Since Republicans won majorities in the North Carolina House and Senate in 2010, each subsequent legislative session has been dramatic and consequential.
Lawmakers have reformed the tax code, reworked the state budget, replenished state savings accounts, rewritten regulations, reshaped Medicaid and unemployment insurance, restructured the planning and finances of the transportation system, and removed barriers to choice and competition in education, just to name some of the major actions of the past five years.
The North Carolina General Assembly will convene for its 2016 session in April. That’s earlier than usual, and reflects the fact that lawmakers moved the state’s primaries from their usual spot in May to March. By launching their “short” session in April, they have raised expectations that their 2016-17 budget bill may be completed by or around the start of the fiscal year on July 1.
I share those expectations. I hope they are met, and further hope that the session will conclude in early July. It makes political sense for lawmakers to get their work done expeditiously and then return home, either to campaign or to get out of the way of the candidates seeking to replace them.
That doesn’t mean, however, that I think the session will lack drama and consequence. There is plenty of important policy work yet to do — plenty of issues to be settled and reforms to be assessed, adjusted, and implemented.
Adjusting the state budget will be job number one. It always is. There are good reasons to believe that Gov. Pat McCrory and the legislature will have a healthy surplus to work with. In the first five months of the 2015-16 fiscal year, state General Fund revenues are running about $532 million above last year’s collections while General Fund expenditures are running about $121 million lower. I’m not saying that the state budget will end up smaller than it was last year — some program expenditures are lumpy, not evenly distributed across the 12 months — but a significant surplus seems more likely than not at the moment.
One reason for optimism is that the McCrory administration is projecting Medicaid spending will run about $139 million below budgeted amounts in 2015-16. Medicaid overruns were among the major causes of fiscal stress in the immediate aftermath of the Great Recession.
What should lawmakers do with a surplus? First they should continue to build up the state’s reserves. The underappreciated story from the 2015 session was the legislature’s $450 million deposit into the rainy day fund, pushing it over $1.1 billion. Let’s do another big deposit to make sure North Carolina is well prepared for a natural or economic disaster.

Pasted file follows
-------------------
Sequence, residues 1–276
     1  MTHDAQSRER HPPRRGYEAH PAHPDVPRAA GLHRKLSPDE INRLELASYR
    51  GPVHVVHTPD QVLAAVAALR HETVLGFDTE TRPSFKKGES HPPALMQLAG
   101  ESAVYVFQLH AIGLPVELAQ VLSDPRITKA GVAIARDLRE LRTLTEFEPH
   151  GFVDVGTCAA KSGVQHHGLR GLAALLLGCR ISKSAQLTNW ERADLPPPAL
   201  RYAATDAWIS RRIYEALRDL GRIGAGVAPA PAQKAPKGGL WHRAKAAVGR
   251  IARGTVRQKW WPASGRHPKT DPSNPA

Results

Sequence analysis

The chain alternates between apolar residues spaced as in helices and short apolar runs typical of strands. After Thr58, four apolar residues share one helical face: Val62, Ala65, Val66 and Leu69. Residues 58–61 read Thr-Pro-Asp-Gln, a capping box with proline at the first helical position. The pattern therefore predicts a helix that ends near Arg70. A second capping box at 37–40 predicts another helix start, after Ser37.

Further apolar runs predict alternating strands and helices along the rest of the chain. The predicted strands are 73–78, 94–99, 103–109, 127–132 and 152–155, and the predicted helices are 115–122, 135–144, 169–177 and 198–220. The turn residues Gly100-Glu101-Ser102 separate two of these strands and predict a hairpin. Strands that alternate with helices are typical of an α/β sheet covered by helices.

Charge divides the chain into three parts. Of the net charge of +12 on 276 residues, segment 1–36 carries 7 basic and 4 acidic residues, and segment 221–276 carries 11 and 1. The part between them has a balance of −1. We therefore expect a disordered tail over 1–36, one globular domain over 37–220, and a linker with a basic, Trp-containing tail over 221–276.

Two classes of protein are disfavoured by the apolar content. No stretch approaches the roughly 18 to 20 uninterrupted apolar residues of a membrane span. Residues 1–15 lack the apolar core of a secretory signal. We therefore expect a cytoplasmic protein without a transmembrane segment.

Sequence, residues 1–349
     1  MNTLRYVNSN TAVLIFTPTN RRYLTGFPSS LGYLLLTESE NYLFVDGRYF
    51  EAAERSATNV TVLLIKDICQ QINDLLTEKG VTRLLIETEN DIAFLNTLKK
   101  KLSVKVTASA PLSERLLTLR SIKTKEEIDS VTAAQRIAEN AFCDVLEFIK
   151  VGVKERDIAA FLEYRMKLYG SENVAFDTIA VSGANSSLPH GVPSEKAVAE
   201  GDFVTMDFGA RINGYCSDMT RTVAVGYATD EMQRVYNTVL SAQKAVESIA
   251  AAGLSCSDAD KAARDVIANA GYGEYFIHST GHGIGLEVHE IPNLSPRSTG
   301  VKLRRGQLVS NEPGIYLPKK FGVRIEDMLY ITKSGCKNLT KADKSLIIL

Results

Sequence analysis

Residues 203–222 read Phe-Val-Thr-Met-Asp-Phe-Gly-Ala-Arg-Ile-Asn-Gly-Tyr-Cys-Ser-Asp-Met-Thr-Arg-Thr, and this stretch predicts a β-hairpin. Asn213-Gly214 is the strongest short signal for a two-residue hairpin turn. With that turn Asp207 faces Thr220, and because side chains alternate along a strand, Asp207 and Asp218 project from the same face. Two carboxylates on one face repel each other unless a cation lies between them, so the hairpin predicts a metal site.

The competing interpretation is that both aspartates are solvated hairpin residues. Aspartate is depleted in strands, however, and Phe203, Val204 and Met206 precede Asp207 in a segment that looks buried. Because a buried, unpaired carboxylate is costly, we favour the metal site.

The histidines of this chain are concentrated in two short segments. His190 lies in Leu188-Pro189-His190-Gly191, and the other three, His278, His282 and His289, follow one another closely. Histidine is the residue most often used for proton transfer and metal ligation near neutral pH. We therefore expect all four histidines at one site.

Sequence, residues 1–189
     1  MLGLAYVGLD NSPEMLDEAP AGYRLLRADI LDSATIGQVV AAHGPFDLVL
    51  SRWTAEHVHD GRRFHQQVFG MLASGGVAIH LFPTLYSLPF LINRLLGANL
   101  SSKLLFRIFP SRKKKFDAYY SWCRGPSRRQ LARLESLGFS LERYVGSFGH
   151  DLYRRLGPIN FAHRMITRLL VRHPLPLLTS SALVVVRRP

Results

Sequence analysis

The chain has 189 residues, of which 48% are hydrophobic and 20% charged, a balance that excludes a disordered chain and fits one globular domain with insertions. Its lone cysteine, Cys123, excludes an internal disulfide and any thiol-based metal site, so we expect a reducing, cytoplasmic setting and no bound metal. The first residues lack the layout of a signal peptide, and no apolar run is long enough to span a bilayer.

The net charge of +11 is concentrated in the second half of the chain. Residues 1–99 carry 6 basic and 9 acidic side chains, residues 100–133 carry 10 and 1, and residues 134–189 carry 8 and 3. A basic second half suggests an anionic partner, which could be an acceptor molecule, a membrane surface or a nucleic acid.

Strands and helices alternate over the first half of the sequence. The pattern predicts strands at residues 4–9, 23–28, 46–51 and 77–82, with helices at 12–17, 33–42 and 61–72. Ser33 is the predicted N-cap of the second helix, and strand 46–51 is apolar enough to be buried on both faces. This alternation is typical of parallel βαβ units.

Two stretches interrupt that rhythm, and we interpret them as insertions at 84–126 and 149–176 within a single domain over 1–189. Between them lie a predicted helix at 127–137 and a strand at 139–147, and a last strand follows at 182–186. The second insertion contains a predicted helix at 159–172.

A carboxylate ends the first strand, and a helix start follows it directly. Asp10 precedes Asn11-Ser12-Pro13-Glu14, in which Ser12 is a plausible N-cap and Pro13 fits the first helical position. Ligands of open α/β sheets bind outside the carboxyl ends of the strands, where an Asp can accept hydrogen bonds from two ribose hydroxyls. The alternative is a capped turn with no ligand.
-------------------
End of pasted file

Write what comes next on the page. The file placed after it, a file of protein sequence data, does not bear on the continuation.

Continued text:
Next, lawmakers should look at pay raises for teachers and state employees. While some across-the-board adjustment for recent increases in cost of living is reasonable, I think the bulk of the money should be spent on structural changes in the compensation system — continuing to “front-load” the pay scale for teachers, for example, and differentiating pay for all public employees with respect to increased duties, hard-to-staff positions, and demonstrable performance.
After that, my fiscal priorities would include the facility and technology needs of the court system and another step forward on tax reform. In the latter case, I’d recommend we continue to reduce the tax penalty against savings and investment by slashing taxes on capital gains.
On the regulatory front, North Carolina has become a national leader in pursuing reforms. But we have yet to do much to remove licensing barriers that keep our citizens from changing careers and creating new businesses. Another good idea would be to require major new rules to receive explicit legislative approval to ensure that executive agencies do not exceed the power granted to them by the General Assembly.
There are many other policy matters that need legislative attention, if not legislation in 2016. They include academic standards and testing policies in the public schools, transportation funding, the implementation of Medicaid reform, and unfunded liabilities in the state employee health plan. Drama and consequence? You can bet on it.
John Locke Foundation chairman John Hood is the author of Catalyst: Jim Martin and the Rise of North Carolina Republicans.